Last week, a friend asked me what I thought the future of software would be. At some point, all the workflow processes that still conducted on paper and pencil will be digitized, all of the tasks completed in Excel will be optimized, and the majority of limitations of traditional software will be overcome. It's not to say that software innovation in its current form will continue to exist for decades, but what is the fundamental shift that resets the ecosystem like the cloud did in the early 2000s?
Quota attainment is an incredibly powerful diagnostic tool when understanding your SaaS startup's go-to-market health. Quota attainment measures both the success of individual account executives and the performance of the team. To achieve best-in-class quota attainment, a startup must execute the go-to-market strategy well across five dimensions.
Taxis. Food. Cars. Mobile phones. Communications. Banking. Healthcare. Entertainment. In the past ten years, is there an industry startups haven't upheaved? Startups have been the most transformational force in US society over the past 20 years.
Last week, I interviewed Tien Tzuo, the former CMO & CSO at Salesforce, and founder/CEO of Zuora. During our conversation, he spoke about one of the major challenges facing fast growing startups. He called it recognizing the breaking points of management.
On November 4, SaaS Office Hours at Redpoint will welcome Kenny van Zant, former COO of Asana and Chief Product Strategist at Solarwinds, a $4.1B market cap maker of infrastructure software. Kenny is renowned for pioneering the flywheel sales model that propelled Solarwinds to a $150M company profitably.
Last night, at our inaugural event, SaaS Office Hours welcomed Bill Macaitis, CMO of Slack, former CMO of Zendesk and former SVP of Online Marketing and Operations at Salesforce. Having worked in three hypergrowth companies, Bill is an expert in building massively successful marketing teams. These are the five kernels of wisdom I learned last night.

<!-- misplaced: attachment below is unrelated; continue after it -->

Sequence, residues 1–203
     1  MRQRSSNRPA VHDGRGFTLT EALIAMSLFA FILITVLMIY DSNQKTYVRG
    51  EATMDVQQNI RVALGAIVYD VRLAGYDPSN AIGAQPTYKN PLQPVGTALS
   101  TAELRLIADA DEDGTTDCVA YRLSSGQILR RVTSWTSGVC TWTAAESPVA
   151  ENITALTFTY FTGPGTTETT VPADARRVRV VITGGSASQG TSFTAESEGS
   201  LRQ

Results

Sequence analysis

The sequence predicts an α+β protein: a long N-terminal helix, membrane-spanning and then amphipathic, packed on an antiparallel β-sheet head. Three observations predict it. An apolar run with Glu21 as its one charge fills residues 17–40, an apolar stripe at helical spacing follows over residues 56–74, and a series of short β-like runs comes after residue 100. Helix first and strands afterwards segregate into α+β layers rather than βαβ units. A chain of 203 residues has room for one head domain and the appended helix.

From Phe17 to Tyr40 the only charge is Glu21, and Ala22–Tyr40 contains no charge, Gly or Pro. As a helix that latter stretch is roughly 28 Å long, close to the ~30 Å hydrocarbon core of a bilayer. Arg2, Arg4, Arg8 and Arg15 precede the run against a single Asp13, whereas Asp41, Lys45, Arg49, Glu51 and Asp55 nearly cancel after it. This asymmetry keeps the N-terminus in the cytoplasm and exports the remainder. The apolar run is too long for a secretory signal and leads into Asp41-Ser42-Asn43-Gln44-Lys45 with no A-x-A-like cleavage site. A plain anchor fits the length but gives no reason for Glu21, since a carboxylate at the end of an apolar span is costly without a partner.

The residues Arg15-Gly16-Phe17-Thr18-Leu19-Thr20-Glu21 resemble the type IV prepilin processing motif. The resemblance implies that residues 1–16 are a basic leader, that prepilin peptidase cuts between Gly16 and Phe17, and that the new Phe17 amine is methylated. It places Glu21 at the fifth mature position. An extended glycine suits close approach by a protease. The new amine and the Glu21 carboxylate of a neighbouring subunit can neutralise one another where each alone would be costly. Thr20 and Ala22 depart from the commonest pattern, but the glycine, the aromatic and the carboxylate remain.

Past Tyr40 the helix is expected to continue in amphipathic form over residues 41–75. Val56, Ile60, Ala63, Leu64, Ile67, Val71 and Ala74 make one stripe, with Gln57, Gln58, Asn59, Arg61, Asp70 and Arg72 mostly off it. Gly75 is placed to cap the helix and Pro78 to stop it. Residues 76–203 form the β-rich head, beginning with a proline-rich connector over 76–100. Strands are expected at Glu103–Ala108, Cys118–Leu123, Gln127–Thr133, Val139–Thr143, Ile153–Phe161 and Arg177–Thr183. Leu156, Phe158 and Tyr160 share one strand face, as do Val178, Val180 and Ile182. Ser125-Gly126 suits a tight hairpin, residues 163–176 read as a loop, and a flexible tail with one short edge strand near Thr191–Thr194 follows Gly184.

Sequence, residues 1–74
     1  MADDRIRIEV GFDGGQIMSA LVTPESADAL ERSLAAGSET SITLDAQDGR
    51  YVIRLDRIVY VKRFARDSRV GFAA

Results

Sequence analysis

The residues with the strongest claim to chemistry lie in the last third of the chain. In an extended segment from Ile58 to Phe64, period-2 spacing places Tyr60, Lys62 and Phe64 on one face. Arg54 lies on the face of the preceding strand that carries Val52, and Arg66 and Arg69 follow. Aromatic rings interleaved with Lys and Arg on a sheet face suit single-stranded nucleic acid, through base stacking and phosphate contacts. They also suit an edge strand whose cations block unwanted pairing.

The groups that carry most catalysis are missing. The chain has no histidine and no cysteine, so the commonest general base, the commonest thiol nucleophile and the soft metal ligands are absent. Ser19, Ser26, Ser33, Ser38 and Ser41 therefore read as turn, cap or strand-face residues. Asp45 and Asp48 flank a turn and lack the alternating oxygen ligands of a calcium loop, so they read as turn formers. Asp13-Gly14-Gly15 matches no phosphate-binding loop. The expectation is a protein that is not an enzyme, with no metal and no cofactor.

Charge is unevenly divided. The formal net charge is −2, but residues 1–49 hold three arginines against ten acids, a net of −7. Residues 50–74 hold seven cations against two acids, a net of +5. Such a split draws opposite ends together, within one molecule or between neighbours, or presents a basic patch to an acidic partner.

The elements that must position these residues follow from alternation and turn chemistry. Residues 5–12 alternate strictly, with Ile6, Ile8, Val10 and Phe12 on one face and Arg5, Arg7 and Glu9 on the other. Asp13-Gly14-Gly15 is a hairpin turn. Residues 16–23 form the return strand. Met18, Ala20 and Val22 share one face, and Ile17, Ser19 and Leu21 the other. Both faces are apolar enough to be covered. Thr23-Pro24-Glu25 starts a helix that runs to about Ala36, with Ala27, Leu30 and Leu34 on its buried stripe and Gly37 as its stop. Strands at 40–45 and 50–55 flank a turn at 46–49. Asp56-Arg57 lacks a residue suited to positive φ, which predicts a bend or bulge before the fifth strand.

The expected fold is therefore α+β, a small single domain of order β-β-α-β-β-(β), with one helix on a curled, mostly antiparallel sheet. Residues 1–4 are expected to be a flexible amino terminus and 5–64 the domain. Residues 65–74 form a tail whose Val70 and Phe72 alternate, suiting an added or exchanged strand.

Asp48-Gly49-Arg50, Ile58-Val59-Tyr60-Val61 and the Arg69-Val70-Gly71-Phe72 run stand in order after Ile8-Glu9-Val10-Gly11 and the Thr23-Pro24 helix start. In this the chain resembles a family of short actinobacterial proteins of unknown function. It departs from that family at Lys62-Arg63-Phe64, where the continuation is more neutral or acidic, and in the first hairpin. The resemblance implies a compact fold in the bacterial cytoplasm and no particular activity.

How much should your startup pay its sales people? According to Pacific Crest's Annual SaaS survey, 9% of a sales rep's annual contract value. This figure doesn't vary much on whether your startup's salespeople are inside reps or outside/field sales reps.
In 1964, IBM announced a mainframe computer family called the System 360. The mainframe wouldn't ship for another three years, but the announcement reduced the mainframe sales of their competitor, Control Data Corporation, sufficiently to warrant an FBI investigation. And so a new marketing technique was born.
The purpose of a price is to tax usage of a product. That's how companies generate revenue. Discovering how to tax a product properly is a perpetual challenge. It's a moving target and so it requires an ongoing discovery process as the company and market evolve together. These are some mistakes I've noticed.
Over the weekend, it seemed to me that the sentiment in the valley seemed to change abruptly. Dan Primack wrote Fear and Sadness in Silicon Valley and Danielle Morrill punctuated her post Somewhere Over the Brainbow: The Unicorn Window is Closing images of unicorn cannibalism. While the attitudes may be changing, the effects haven't yet revealed themselves in the data. So, is the environment truly changing?